2–Offer the non-apology.  The offender ‘pretends’ to apologize, but expresses no contrition, but rather shifts the blame on to the offended party.   The NH rep’s ‘apology’ was classic:  “It is apparent that the intent of my remarks has been misinterpreted, the true goal of the message lost and for that I apologize to those who took offense.”  There are a few variations on this ‘non-apology’:  “If you believe I meant to cause offense, I’m sorry.”  Or, “I’m sorry if you took offense at my innocent remarks.”  Which deftly couples steps one and two.

In my new gig as Apologist for hire, I would extract the word IF from all apologies.  I’d advise my clients (and oh, there are so many in the world in need of these services) there is no if in an I’m sorry.  You’re sorry or you’re not.  If you’re not, don’t apologize.  It just makes you look like a bigger d-bag.  If you are sorry, own it.  “I’m sorry I hurt your feelings.”  It’s really that simple.

Oh, and another clue?  Don’t apologize if you’re going to do it again.  That’s just introducing sand to the wound.  And I have a feeling my services aren’t going to come cheap.

Do you have another example of a non-apology?  What’s the classiest apology you’ve uttered or heard?

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19 Responses to My Next Job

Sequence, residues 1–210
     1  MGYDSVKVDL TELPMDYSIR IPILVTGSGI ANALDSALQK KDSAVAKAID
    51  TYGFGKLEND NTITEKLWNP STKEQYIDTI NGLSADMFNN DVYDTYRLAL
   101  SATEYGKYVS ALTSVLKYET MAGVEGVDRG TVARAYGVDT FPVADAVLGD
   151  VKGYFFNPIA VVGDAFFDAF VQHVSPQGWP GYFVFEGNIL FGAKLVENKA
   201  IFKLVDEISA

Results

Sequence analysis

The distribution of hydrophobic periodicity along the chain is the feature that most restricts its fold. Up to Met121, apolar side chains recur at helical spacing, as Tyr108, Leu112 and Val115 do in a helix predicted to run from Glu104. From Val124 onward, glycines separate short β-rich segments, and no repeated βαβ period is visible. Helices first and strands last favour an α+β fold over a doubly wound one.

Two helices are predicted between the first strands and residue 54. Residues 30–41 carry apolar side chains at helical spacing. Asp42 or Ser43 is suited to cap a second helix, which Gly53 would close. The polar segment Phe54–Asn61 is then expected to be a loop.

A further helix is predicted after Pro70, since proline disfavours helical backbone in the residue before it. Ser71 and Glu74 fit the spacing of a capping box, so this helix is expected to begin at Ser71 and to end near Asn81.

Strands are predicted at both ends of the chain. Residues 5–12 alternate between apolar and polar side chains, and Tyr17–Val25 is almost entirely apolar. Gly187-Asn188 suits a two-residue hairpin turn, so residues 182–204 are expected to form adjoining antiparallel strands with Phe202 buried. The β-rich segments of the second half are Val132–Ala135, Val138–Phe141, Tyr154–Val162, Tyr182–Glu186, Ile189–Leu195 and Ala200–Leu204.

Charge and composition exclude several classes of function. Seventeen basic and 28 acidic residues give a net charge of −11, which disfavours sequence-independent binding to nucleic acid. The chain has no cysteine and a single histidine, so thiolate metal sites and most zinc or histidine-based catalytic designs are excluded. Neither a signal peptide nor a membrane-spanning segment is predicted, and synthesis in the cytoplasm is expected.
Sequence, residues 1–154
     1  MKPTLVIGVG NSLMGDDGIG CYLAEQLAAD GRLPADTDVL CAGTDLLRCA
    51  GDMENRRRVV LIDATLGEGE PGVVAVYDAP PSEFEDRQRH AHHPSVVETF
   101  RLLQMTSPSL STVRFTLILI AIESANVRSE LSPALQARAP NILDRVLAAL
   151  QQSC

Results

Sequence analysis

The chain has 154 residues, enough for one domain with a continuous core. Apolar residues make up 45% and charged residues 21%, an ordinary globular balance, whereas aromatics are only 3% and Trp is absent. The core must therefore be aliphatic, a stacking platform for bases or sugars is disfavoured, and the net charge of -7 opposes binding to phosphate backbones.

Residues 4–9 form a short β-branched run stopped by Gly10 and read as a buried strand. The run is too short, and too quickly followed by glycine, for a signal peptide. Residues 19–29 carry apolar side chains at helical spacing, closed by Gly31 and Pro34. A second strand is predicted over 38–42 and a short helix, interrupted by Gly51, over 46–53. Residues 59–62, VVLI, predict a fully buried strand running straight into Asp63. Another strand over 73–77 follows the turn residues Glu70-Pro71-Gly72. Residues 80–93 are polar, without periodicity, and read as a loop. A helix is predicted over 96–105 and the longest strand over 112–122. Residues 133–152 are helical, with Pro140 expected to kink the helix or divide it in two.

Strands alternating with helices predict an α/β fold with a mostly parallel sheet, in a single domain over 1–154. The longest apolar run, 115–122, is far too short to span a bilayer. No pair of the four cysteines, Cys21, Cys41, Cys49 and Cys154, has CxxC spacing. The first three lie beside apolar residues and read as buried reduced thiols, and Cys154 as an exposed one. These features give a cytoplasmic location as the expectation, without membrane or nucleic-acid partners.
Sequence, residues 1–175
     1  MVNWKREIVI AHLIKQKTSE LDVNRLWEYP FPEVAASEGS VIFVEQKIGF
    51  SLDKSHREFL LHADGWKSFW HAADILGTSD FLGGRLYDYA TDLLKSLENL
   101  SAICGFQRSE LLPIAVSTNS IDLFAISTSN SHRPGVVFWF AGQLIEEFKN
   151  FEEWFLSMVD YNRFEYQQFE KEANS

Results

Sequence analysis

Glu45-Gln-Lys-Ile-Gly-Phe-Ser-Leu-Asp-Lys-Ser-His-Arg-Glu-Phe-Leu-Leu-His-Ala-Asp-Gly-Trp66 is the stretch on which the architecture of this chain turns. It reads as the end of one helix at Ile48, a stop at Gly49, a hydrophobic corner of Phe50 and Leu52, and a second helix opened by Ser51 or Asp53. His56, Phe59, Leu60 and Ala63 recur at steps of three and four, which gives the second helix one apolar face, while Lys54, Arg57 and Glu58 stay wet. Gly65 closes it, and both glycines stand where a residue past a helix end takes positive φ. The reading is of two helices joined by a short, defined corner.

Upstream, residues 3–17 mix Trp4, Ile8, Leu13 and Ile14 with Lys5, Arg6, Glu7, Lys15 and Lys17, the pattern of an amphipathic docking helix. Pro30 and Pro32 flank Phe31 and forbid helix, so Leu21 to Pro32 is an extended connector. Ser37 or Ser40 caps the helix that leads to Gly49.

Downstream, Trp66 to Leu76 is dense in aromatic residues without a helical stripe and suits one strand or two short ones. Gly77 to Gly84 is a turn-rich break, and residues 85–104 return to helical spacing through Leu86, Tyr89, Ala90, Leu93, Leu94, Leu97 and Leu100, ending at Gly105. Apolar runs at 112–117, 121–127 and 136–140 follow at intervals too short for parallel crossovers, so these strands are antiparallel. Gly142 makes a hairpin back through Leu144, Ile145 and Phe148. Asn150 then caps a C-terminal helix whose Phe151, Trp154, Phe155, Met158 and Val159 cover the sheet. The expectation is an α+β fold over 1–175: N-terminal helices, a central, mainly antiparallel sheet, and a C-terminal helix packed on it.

1. Willa says:

    Apologist?? Wonderful! 😀

    And I *so* agree with you . . . now, enough navel gazing and fluff picking – go write something 😀

  2. Kylie Brant says:

    LOL, the district expects me to actually, I don’t know, TEACH something for the next eight hours. But later….:)

  3. Mona Kekstadt says:

    Apologist or Beach Revewier? Both sound Wonderful!!! Those sound good to me. I myself are looking for a part time job..something along the lines of working with animals…
    Ok for the apology…it was a little while ago. Me and my friend had a pretty stupid fight didn’t talk for a while. We let someone else come between our friendship. She Facebooked by sister to ask how I was…anyway I made the first step and called her, someone has to. Right? She called me back. I told her that I acted childish and she was very important to me, she said the same thing back. We have been getting together at least twice a month….shopping a lot..I’m so glad she’s back in my life….

    This Blog is the BEST!!!! Can’t wait to start reading books for all you authors. From what I have been reading I’m liking a lot of them..they are right up my alley..
    Have a wonderful weekend all.

    • Kylie Brant says: